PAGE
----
Wednesday, March 26, 2014

Ghosts of Boyfriends Past.

I was trundling along to the deli, walking and talking with my renovation-wing-man Miss M, about the worst most toxic boyfriends we ever had... and OH MY LORD there's my worst nightmare covering an entire the wall inside the ANZ bank.  I stop dead and point "that's him" and it wasn't Simon Baker. Then I couldn't help to notice; "oh my! The years have not been kind" I grinned at M gleefully; "How come I'm still a bit cute and he's a fat old fart?" 

A man walking behind us for a block - whose ears you could hear crackling with flames such was the fervor of his eavesdropping, stopped briefly to look at the mural then quickly, self consciously moved away sniggering.

Well I gotta say, there's something tantalizingly satisfying in seeing someone who caused you so much grief in your youth still clinging to a modeling career but now posing for retirement financial products.  When I knew him he was cute, yes a model, and a singer, songwriter, base guitarist and a self absorbed drunken lunatic.

This is the guy who I left after several sessions of unprovoked drunken and sober tantrums and several counts of cheating with a cheap blonde who had a perpetually red face because she was a drunk too. We called her Tomato.

He was "so devastated" when I left him; he wrote and recorded two songs about just how devastated he was. 
He even used to call in the middle of the night and "sing his pain" to me. Often he had his friends sing it to me as well until I changed my number.

I found out that he took the Tomato to the recording studios and she no doubt giggled and bounced and applauded while he sang about his heartache and sorrowful loss of me. She was a stupid tomato too.

He turned up at my work's reception one day with the released CD in his hand and a sheepish expression. 

After I accepted it he asked me for $20.  

Apparently it hadn't done so well and they were trying to recover studio costs. I gave him $20 and sent him on his sorry way.

Do I feel smug now?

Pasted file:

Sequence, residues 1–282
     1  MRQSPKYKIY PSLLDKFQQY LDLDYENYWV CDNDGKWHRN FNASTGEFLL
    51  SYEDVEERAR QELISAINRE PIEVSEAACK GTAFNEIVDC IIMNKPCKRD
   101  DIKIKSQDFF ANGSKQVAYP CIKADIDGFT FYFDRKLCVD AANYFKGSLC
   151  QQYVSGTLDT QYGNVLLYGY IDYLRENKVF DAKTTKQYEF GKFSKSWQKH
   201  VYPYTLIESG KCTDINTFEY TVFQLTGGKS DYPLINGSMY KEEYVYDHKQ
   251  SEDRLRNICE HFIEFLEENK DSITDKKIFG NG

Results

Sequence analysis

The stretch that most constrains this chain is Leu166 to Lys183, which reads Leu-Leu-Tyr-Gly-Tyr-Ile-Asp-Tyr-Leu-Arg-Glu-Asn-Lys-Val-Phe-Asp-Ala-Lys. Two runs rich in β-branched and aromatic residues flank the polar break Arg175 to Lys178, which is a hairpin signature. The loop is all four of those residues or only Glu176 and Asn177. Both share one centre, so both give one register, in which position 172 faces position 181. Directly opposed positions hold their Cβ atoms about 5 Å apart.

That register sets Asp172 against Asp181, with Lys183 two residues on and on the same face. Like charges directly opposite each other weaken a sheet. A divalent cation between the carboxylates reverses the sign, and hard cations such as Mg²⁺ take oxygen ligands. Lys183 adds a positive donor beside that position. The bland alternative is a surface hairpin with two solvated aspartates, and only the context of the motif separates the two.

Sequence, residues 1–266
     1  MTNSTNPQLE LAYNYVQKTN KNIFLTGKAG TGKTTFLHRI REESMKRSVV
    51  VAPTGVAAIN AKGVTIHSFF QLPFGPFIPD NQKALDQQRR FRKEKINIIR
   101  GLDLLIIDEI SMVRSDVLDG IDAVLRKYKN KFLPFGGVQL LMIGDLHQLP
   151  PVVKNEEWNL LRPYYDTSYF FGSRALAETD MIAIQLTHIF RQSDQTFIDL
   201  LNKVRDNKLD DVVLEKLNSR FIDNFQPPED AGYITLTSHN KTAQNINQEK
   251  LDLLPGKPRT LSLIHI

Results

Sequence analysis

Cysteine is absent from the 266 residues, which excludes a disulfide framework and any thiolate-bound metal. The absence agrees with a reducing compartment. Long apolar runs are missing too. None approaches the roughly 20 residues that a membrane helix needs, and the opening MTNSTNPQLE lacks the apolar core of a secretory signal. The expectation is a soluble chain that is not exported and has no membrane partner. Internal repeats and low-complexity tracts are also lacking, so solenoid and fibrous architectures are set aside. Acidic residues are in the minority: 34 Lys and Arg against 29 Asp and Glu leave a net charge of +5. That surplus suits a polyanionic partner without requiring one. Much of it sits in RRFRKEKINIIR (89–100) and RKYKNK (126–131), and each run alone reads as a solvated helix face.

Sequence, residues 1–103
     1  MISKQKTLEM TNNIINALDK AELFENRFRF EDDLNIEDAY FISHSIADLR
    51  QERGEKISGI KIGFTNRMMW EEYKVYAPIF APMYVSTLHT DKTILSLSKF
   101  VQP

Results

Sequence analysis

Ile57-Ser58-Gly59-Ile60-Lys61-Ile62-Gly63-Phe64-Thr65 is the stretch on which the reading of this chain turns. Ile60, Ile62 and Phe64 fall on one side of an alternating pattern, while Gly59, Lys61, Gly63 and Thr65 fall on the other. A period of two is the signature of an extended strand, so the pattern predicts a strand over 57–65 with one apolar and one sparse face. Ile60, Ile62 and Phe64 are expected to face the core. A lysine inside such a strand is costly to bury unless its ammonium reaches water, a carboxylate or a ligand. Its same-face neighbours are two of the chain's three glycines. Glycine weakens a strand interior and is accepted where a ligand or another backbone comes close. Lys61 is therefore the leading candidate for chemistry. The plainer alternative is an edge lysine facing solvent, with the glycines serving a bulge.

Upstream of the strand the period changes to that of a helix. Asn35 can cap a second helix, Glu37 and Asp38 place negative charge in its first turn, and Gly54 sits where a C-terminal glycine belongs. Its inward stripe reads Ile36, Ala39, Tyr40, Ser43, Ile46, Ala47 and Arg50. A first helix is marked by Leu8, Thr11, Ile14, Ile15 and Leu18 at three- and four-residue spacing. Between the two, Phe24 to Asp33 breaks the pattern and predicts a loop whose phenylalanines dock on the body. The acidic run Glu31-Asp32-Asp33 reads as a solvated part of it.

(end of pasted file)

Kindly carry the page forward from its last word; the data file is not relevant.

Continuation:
Just a little bit. 

Friday, March 21, 2014


How many dogs do you know could be left locked in the house with an open 10 kilo bag of dog biscuits?
The usual scenario: dog is prostrate with a seriously swollen stomach, there's vomit stains on the carpet and a tipped over bag with what's left of the biscuits scattered around the floor.

I didn't even think about the huge bag I left out with every intention of packing it away later. Or that it was so heavy I broke the re-sealable top carrying it to the car.  I just propped it up against the wall behind the dining table, a meter from Buddy's bed, open and inviting. No consideration to the temptation of an underweight animal who's just had painfully abscessed teeth removed, and is once again eager to chew.

I fed Bud tonight while She-Who-Worships-Pink-and-now-also-Blue was in the bath.
After his meal he wandered over to said bag, gave me a pointed look, nudged the bag with his big black golf ball nose and looked at me again. I shook my head and I swear he shrugged before he went to lay on his bed. Then it hit me. I have actually left a giant bag of food next to him all day and he not only hasn't touched it but, he asked nicely if he could have a bit more after dinner.

I was shocked and I told Pinkster what normal dogs do when left alone with unattended food. She reveled in his awesomeness to the point where he got to eat most of her ham, some of her noodles and half a packet of liver treats. Maybe this is his strategy.
After all, he is a combination of two highly intelligent breeds...

Buddy's mother was a red Australian Stumpy Tail Cattle dog "..a brave, loyal, physically strong and highly intelligent dog. He possesses a  rugged nobility, but is equally the ‘Aussie larrikin’ with a terrific sense of humour. He asks for activity, affection and lifelong commitment and will repay these tenfold throughout his life."

Buddy's father was a breed with an undeserved bad rap: Doberman Pincer:
"Dobes like to be with their people and are not suited to kennel or backyard life; they need human interaction and leadership. Loyal, tolerant, dedicated and affectionate with the family."

So as much as he stakes a claim every now and again on a piece of furniture, I'm reminded today that this is an unusually honest dog.

Why should I be surprised about today though, when at 12 months old he was left alone with an accessible platter of prosciutto (on the coffee table) which was also untouched an hour later.  In the nine years we have enjoyed his company we have not had one sock or croc chewed, never lost a sausage from the barbeque.